Ambulances at Westmead Hospital. Picture: Jeff Herbert
Ambulances at Westmead Hospital. Picture: Jeff Herbert

Man dies after sting to lip

POLICE are preparing a report for the coroner after a 26-year-old man mowing a lawn in Kellyville died after suffering an apparent sting.

Emergency services were called to the man's home just after 1pm on Saturday by his partner after she found the man collapsed inside a bathroom, apparently suffering an allergic reaction.

Inspector Jim Szabo from the Hills Local Area Command said the man appeared to have been stung on his upper lip and suffered an allergic reaction.

"He was having difficulty breathing and was rushed to Westmead Hospital in a critical but unstable condition," he said.

"There was significant swelling to his lips and body. He passed away on Sunday. The coroner has been informed."

The man has not been named but it is understood the man and his partner have a seven-month-old son.

Police said they were waiting for a post mortem to pinpoint the exact cause of the man's death. It is understood that his neighbour had bee hives in his garden.

Inspector Szabo would not say if the man had been stung by a bee but said: "We are investigating the event."

President of the Amateur Beekeeper's Association, Parramatta branch, Peter Clarke from Castle Hill said he was shocked and saddened by the death.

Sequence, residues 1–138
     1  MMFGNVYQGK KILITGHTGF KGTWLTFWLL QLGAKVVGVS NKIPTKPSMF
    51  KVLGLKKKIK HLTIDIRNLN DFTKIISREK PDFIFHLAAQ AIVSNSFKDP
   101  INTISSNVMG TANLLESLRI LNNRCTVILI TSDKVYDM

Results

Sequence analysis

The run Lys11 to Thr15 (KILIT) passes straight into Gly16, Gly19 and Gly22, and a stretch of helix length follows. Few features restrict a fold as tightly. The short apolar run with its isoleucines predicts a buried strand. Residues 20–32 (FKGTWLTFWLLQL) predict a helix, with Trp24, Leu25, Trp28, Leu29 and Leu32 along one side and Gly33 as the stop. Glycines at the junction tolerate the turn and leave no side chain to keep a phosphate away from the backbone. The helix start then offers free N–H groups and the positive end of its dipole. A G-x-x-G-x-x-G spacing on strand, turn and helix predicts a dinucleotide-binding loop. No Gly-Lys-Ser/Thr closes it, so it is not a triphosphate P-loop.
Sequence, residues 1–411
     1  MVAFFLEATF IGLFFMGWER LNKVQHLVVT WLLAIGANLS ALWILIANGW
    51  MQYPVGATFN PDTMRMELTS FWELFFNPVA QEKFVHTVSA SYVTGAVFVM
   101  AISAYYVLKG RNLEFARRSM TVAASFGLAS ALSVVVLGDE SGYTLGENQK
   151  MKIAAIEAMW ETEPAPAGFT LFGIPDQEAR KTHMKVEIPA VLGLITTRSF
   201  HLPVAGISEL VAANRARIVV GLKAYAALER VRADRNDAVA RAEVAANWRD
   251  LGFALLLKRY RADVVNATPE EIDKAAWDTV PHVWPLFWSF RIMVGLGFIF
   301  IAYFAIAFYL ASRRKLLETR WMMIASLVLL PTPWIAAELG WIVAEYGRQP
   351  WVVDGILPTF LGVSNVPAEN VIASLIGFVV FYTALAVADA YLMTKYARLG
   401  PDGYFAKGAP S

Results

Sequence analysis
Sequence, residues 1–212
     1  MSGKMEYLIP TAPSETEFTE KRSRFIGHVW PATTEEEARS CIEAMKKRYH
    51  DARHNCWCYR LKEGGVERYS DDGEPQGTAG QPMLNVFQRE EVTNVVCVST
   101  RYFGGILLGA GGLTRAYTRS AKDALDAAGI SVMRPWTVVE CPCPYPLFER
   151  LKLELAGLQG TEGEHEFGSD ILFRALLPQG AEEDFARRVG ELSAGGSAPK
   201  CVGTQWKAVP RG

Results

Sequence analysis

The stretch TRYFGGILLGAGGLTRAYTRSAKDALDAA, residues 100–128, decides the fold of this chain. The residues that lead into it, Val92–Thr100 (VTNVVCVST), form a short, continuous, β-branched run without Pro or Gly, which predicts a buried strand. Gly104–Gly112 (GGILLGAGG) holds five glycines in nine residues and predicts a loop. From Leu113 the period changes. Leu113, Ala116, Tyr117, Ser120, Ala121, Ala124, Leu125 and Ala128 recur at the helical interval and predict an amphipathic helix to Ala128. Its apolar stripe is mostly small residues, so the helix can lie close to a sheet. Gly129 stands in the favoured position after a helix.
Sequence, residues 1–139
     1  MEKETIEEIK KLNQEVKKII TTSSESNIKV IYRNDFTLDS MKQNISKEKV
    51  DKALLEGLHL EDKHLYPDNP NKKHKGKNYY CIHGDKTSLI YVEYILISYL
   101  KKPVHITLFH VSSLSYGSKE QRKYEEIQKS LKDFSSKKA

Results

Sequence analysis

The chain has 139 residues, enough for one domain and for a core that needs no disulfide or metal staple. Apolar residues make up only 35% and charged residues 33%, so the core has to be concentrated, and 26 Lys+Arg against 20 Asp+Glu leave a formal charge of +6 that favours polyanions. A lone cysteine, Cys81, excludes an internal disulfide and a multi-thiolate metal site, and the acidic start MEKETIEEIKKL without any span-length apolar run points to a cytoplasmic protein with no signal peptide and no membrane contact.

He said the man may have been stung by a European wasp, which can live in the ground and would be disturbed by someone mowing the lawn.

He said bees more or less stayed in their hive during cold weather.

He said Australian native bees did not sting and European bees rarely stung people. "It is very unusual for that to happen," he said.

Mr Clarke is registered to collect swarms but said the last time he was called out was in November to Castle Hill.

The Department of Industry held an inquiry into suburban beekeeping following the death of a young mother in 2000 in Stanmore.

It said deaths from bee stings were rare.

According to beekeeping register records there were 3821 beekeepers in NSW in 2000.

Over 30 local government authorities in the greater Sydney area have registered beekeepers.

The report from the inquiry said as at April 2000 there were 70 registered beekeepers in Hornsby Shire, 60 in what was then called Baulkham Hills Shire and 52 in Blacktown City Council area.

There is a statutory requirement under Section 6 of the NSW Apiaries Act 1985 for all beekeepers to be registered. Keeping unregistered bees is an offence with the provision of financial penalties under the Act of up to $2200.

Details of beekeeping in NSW and how to get help for swarms visit 

News Corp Australia

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